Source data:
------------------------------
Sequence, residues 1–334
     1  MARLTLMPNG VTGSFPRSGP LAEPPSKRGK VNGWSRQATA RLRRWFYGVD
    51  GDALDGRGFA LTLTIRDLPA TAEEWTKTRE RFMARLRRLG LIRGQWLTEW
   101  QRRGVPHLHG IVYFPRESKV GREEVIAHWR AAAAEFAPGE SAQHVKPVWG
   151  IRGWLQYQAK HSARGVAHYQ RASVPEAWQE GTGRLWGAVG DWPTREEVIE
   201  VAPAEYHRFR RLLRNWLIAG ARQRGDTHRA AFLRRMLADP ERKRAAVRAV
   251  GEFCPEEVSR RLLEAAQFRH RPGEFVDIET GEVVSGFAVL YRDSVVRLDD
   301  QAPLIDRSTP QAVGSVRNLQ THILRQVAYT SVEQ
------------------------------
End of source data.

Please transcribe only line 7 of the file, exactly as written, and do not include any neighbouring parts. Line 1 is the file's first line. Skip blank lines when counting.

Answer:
   251  GEFCPEEVSR RLLEAAQFRH RPGEFVDIET GEVVSGFAVL YRDSVVRLDD